Will species go extinct with climate change and is there anything we can do to prevent it?

Bats hang from a tree.
Image: FAU

The effects of climate change

Climate change has already caused some species to go extinct, and is likely to drive more species to extinction. Species have always gone extinct in the history of our planet but human activities causing climate change are accelerating this process. Recent research predicts that one-third of all plant and animal species could be extinct by 2070 if climate change continues as it is.

Species can adapt to some extent to these rapidly changing climate patterns. We are seeing changes in behavior, like dispersal to new areas where the climate becomes more suitable. About half of the globally assessed species are moving towards earth’s poles and – if the species live on land – to higher elevations.

To be able to do so, they need connected ecologically appropriate locations – free of human settlement – to move through. Nevertheless, those protected areas and migration corridors are not enough because species cannot adapt beyond their basic climate tolerance. Survival through migration alone is not guaranteed.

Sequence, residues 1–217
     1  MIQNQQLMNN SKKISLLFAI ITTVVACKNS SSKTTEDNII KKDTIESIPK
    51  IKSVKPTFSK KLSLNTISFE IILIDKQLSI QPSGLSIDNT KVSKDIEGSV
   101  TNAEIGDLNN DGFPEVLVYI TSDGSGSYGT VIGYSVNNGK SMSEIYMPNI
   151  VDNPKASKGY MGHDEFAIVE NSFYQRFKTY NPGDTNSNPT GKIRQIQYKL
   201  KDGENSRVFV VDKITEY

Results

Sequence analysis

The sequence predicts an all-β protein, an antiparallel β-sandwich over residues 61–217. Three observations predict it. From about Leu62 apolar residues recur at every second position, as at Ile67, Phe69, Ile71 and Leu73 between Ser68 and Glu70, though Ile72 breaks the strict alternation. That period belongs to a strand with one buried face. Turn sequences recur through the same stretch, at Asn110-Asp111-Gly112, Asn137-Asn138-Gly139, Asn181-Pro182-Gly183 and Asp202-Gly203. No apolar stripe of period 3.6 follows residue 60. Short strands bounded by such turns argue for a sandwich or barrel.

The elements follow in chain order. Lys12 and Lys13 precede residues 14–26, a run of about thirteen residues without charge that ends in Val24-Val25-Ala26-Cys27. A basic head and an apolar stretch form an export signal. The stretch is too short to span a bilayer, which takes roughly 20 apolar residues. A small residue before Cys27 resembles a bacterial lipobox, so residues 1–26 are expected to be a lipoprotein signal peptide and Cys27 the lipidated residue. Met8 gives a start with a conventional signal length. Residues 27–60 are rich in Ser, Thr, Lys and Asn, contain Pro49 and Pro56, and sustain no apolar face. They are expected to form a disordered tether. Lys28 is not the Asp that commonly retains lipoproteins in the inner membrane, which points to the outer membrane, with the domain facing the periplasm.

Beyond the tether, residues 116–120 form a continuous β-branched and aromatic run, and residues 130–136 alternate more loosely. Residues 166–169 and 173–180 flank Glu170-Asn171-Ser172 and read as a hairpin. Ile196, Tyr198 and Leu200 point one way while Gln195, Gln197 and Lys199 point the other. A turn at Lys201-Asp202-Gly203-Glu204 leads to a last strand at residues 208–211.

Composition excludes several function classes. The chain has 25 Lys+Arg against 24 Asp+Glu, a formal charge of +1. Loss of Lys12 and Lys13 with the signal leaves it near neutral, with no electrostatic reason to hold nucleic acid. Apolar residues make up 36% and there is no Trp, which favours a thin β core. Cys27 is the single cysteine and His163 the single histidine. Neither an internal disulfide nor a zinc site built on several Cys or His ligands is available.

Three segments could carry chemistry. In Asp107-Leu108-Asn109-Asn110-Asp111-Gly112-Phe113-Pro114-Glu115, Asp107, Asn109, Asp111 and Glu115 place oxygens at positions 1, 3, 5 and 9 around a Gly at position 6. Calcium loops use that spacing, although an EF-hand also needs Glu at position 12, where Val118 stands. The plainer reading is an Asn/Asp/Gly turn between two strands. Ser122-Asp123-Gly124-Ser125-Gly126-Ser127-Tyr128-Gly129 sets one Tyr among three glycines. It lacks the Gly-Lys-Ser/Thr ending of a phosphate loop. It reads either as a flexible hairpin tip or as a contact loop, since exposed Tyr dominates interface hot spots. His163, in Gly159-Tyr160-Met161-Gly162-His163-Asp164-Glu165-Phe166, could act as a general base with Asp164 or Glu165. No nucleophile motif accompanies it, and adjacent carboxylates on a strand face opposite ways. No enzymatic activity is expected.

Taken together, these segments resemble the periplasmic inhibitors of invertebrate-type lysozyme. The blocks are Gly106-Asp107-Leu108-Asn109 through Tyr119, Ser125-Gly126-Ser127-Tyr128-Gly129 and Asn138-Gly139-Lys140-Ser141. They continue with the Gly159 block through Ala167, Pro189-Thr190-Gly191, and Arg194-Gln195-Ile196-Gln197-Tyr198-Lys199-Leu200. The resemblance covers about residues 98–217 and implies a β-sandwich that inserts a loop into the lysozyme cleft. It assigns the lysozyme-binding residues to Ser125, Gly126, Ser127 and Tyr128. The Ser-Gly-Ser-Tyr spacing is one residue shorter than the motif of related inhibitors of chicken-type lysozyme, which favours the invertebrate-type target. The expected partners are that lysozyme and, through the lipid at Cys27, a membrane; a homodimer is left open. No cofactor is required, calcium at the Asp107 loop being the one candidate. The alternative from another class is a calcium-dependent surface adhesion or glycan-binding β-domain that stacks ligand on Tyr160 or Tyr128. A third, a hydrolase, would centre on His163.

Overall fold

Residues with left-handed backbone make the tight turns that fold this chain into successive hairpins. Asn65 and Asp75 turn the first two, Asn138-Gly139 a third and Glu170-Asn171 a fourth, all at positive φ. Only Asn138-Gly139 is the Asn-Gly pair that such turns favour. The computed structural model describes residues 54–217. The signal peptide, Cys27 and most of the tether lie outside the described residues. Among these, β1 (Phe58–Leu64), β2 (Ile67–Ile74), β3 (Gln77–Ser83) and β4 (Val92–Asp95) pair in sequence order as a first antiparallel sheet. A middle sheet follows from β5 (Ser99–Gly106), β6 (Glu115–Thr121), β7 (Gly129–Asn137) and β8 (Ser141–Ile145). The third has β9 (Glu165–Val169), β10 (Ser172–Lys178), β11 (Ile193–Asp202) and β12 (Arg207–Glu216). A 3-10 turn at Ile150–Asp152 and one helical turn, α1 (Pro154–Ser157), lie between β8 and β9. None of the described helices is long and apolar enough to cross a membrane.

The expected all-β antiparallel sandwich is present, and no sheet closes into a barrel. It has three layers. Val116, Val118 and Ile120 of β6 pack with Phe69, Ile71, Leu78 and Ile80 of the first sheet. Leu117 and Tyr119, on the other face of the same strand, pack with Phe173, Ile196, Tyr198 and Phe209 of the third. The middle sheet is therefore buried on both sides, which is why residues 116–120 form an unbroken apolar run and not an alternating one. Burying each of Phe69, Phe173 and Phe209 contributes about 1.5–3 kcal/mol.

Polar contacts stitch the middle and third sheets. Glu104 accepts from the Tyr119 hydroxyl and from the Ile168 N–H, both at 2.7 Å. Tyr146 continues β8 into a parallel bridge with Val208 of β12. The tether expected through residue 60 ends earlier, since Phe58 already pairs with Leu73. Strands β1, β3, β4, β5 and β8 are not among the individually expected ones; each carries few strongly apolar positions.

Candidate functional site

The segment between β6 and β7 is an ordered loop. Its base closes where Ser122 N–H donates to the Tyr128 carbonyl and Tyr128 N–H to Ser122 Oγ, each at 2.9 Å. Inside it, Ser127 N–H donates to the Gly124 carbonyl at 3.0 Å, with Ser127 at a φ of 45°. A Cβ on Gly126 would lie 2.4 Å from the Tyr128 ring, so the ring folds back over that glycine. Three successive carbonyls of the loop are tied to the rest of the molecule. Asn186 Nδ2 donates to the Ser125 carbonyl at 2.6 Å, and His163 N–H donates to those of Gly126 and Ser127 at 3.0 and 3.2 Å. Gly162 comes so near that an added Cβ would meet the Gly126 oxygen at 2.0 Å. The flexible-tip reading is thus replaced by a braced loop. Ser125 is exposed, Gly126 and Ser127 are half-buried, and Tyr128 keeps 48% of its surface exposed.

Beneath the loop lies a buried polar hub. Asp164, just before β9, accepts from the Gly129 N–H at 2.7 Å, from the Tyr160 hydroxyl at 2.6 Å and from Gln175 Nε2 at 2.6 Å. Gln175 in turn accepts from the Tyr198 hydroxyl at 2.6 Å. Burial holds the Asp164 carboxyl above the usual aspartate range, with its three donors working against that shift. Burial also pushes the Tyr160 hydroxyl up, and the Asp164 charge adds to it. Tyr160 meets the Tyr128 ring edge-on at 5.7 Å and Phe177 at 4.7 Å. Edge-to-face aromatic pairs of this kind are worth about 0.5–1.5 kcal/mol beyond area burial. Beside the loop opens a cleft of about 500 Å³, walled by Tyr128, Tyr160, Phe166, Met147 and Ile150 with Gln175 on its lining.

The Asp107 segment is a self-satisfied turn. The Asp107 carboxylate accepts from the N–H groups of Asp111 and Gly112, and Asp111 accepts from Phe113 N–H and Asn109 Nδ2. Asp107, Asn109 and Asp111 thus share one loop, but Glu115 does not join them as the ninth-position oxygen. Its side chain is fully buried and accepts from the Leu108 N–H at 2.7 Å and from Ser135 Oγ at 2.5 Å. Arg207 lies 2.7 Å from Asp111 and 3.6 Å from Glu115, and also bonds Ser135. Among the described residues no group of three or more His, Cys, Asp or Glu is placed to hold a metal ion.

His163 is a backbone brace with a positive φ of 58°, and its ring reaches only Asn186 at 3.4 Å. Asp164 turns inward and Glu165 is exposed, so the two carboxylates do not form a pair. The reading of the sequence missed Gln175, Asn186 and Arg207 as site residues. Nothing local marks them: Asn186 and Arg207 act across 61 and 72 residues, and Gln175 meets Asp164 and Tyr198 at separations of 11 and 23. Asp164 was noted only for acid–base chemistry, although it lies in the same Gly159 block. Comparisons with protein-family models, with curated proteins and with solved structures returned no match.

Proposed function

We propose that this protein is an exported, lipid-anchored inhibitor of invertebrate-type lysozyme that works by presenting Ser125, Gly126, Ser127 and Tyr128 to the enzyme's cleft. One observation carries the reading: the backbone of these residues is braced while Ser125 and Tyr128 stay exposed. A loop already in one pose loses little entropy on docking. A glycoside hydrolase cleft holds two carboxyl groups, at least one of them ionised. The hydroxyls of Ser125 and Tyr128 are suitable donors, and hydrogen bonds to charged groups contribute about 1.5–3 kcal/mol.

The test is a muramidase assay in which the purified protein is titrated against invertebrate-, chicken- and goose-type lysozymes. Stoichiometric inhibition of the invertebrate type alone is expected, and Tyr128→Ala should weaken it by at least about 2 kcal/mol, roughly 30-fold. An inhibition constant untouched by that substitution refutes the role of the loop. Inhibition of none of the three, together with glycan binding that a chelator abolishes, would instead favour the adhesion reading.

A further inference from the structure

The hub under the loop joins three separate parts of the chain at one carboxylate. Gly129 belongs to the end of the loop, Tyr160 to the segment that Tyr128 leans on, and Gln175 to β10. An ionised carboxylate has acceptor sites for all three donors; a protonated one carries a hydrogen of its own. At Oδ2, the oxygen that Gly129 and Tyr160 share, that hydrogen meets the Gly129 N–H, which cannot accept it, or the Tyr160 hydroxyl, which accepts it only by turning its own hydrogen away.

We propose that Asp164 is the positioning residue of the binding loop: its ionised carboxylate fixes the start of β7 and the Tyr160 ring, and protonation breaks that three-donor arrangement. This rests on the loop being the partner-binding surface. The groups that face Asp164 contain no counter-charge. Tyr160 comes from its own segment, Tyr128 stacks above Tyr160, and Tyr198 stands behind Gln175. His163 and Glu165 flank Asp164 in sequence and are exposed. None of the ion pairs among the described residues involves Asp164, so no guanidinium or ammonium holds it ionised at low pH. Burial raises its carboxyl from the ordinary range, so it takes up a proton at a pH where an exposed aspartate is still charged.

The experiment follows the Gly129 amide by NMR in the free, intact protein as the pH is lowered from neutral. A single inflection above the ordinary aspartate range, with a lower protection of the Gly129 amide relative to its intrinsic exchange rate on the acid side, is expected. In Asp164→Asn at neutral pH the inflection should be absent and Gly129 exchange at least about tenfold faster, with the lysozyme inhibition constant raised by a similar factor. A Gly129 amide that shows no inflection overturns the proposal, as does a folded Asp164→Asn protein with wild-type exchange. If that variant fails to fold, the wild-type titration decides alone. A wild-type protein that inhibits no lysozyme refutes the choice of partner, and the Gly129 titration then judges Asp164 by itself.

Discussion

FAU’s ‘Info bites’ on the effects of climate change.

Over the coming weeks, we’ll publish info bites, small bits of information, about the outcomes of the report to show how climate change affects everybody and how we can work to limit its effects.

IPCC Report info bites

About the World Climate Report

The Intergovernmental Panel on Climate Change (IPCC) is the United Nations body for assessing the science related to climate change. In their latest report, published in late February, scientists outline the state of scientific, technical and socio-economic knowledge on climate change, its impacts and future risks, and options for reducing the rate at which climate change is taking place. One of the report’s main authors is Prof. Dr. Wolfgang Kiessling, head of the Chair of Palaeontology.

Wolfgang Kießling on the Wolrd Climate Report